4. Feed the Friendship: When we care about a friend, we find out what that friend likes best, and then we give it to him or her as much as possible. That’s feeding the friendship so it will have the energy to last and always be at its peak. You need to find what feeds your creativity. Your creative muse might be reading books, watching movies, painting, basket-weaving. You’ll know the best food for your creativity when you find it—you’ll get ideas and breakthroughs in your work-in-progress, and you’ll practically feel your creative brain cells firing like mad (okay, so I’m a writer, not a scientist!).

5. Trust: If you can’t trust a person, remaining friends is difficult and sometimes impossible. You need to trust your creativity through thick and thin. If you’re creative, then you have creativity. Trust that and rely on your gift to pull you through tough spots. For me as a Christian, this trust actually means that I’m putting my trust in the One who gave me my creativity and other writing skills. God gave me creativity for a reason and wants me to use it to His glory. God gave you your creativity, too, so relax; you’ve already got the writer’s best friend.

Have you tried any of these tips to nurture your creativity? Which ones worked or didn’t work? Do you have more ideas that work for you? Please share!

Don't forget to join the conversation!


Creativity: 5 Tips to Nurture the Writer's Best Friend - via Jerusha Agen, @SDGwords on @EdieMelson (Click to Tweet)

As writers we must nurture #creativity like a best friend - via Jerusha Agen, @SDGwords on @EdieMelson (Click to Tweet)

This Redeemer
by Jerusha Agen

Not all prisons have bars.

Charlotte Davis should know—she’s lived in one for years. She can handle getting slapped around by her boyfriend, Tommy, and even being forced to do things she would never choose, but when Tommy turns on her 10-year-old daughter, Charlotte must try to escape. With nowhere else to turn, Charlotte runs to the stranger her dying mother believed would help her.

Looking only for shelter or cash, Charlotte finds a family she longs to call her own and a gentle man she could learn to love. But if Tommy catches up with Charlotte, these strangers could discover the truth about her. Will they send her back to Tommy? Or can a Father’s love set her free?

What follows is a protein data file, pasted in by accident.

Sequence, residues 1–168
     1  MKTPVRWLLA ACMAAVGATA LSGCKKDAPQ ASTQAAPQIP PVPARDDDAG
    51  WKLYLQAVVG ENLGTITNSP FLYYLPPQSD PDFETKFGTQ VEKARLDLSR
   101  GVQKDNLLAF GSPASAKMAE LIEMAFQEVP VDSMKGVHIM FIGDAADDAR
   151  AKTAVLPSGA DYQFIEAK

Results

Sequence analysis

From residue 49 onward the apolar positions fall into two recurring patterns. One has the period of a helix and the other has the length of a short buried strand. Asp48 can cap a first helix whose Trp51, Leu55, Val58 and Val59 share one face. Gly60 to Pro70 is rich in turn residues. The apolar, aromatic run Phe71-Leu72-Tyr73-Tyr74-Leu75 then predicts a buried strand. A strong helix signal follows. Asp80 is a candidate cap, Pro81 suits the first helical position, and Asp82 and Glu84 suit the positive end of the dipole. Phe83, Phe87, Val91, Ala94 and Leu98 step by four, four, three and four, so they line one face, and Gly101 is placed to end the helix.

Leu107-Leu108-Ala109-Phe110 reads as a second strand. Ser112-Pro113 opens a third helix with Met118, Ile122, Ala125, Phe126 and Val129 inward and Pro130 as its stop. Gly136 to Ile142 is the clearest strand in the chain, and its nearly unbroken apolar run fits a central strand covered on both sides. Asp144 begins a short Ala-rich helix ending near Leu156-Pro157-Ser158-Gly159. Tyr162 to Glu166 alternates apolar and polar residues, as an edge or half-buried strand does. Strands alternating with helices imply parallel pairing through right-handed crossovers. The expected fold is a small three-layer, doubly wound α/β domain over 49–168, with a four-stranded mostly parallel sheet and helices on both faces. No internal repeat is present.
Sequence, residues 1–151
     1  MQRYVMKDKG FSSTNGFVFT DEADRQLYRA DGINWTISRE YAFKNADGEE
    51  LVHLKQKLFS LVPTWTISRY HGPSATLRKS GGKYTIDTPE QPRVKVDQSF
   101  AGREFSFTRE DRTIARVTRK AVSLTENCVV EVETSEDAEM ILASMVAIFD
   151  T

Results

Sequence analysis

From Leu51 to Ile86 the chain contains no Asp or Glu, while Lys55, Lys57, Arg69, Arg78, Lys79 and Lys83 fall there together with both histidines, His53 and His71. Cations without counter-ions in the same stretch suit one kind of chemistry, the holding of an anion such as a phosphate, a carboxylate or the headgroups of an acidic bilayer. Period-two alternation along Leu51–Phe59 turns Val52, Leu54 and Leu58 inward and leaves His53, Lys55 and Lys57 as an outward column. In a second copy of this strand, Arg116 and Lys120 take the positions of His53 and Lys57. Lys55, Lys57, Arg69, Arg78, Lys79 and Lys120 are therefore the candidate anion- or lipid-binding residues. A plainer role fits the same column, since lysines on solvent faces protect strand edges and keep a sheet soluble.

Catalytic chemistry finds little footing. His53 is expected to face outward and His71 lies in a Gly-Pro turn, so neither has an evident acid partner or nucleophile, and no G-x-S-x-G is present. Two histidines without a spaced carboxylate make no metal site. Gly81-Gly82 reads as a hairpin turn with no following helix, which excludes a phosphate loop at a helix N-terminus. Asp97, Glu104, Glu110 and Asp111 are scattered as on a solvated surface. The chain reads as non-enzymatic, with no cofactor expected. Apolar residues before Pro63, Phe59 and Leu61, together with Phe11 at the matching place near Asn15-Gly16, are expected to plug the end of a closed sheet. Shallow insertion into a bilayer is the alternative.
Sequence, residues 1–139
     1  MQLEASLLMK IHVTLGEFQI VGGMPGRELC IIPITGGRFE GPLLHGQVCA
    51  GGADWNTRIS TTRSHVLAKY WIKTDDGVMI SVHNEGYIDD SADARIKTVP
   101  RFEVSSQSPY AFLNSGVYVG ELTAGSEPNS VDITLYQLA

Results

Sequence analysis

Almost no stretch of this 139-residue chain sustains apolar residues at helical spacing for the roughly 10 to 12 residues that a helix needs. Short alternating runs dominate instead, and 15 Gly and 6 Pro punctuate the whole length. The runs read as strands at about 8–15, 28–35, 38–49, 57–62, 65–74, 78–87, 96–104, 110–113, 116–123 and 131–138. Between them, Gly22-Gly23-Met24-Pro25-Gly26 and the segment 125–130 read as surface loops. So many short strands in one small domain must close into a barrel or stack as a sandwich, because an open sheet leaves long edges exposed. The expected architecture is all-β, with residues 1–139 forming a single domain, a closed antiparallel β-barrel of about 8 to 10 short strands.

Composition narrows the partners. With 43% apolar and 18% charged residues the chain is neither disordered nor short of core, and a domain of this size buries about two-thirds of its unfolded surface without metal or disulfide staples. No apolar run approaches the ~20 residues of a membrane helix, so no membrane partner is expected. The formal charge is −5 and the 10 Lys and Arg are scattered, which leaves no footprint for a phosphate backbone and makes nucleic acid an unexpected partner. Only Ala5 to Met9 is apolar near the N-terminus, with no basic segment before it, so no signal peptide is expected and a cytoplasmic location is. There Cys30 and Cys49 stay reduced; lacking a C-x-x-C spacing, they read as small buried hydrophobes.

1. Jerusha, I knew creativity was key to e as a writer, but I never thought of it as my best friend. I love that concept - I'll never look at the same way again! #5 is tough. Thanks so much for visiting us here! Blessings, E

    1. #5 is my hardest, too, Edie. I always have to relearn it over and over again. Thanks for hosting me!

  2. I, too, enjoyed this, Jerusha. Thanks. The culprit that's stopping my creative juices from flowing is a bout of chronic pain that makes it difficult to stick with it physically and mentally. Any suggestion?

    1. Wow, Patricia, that's particularly hard. I'm so sorry to hear you're having to deal with chronic pain.

      I'd say #3, Give It a Rest, would be key for you. Be patient with yourself and build in lots of breaks so you don't wear yourself out. It's amazing how much you can actually accomplish by just writing a little bit consistently. If you can manage a small amount of writing with plenty of breaks every day or even just a few days a week, you'll make consistent progress and, before you know it, you'll have a finished book!

  3. That's a perfect way to look at it. Thanks for showing me something new, Jerusha!

    1. I'm glad you enjoyed the post, Julie! I hope it helps!

  4. I'm just getting around to reading this Jerusha, but this was so timely (God knows right?) Like Patricia, I write in a state of constant chronic pain. Resting is key and fun is essential but it's the one thing I tend to neglect so I appreciate your reminder. I've decided that writing three sentences a day on each of my projects will have to be enough for now and so far it's working. This post was awesome!